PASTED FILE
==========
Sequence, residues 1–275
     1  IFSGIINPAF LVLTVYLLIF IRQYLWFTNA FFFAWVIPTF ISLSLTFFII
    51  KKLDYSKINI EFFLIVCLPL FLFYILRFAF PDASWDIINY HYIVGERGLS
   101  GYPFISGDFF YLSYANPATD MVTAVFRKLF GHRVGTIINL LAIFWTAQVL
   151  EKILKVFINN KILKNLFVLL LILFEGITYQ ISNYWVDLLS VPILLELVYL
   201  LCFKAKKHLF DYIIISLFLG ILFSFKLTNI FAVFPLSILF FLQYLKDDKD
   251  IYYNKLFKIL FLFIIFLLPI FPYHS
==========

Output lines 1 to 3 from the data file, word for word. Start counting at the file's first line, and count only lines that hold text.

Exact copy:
Sequence, residues 1–275
     1  IFSGIINPAF LVLTVYLLIF IRQYLWFTNA FFFAWVIPTF ISLSLTFFII
    51  KKLDYSKINI EFFLIVCLPL FLFYILRFAF PDASWDIINY HYIVGERGLS